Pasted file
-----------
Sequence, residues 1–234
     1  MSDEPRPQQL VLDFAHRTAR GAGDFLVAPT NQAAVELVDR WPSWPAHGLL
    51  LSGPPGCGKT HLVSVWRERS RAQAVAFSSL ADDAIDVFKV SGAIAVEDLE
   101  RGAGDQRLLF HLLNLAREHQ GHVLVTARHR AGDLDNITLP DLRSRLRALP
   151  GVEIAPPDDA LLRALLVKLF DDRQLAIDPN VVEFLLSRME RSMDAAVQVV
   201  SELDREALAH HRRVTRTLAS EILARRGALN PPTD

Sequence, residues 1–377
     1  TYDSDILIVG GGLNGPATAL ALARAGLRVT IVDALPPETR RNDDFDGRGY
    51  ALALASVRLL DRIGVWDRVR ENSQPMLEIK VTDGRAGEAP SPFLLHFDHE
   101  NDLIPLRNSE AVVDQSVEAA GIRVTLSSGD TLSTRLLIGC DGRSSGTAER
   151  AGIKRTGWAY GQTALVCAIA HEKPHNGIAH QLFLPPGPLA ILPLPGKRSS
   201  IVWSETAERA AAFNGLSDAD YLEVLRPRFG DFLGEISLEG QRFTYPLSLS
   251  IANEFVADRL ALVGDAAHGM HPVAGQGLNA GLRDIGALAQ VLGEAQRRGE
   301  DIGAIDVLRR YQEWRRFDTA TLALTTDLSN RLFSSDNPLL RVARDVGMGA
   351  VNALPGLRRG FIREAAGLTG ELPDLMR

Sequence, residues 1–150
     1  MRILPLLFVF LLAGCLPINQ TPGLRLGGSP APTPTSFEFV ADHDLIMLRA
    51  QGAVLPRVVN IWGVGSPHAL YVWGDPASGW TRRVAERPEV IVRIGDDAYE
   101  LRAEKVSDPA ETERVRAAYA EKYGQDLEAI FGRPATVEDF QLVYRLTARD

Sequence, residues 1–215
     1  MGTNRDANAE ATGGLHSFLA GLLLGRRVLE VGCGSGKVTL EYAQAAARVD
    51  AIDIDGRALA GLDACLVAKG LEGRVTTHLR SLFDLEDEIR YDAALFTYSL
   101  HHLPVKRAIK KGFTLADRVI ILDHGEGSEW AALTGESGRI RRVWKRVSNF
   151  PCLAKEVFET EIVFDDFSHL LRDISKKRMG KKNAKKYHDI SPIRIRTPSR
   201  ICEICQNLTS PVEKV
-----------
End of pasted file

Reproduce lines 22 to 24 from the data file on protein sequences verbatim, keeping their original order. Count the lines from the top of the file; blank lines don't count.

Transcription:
    51  AIDIDGRALA GLDACLVAKG LEGRVTTHLR SLFDLEDEIR YDAALFTYSL
   101  HHLPVKRAIK KGFTLADRVI ILDHGEGSEW AALTGESGRI RRVWKRVSNF
   151  PCLAKEVFET EIVFDDFSHL LRDISKKRMG KKNAKKYHDI SPIRIRTPSR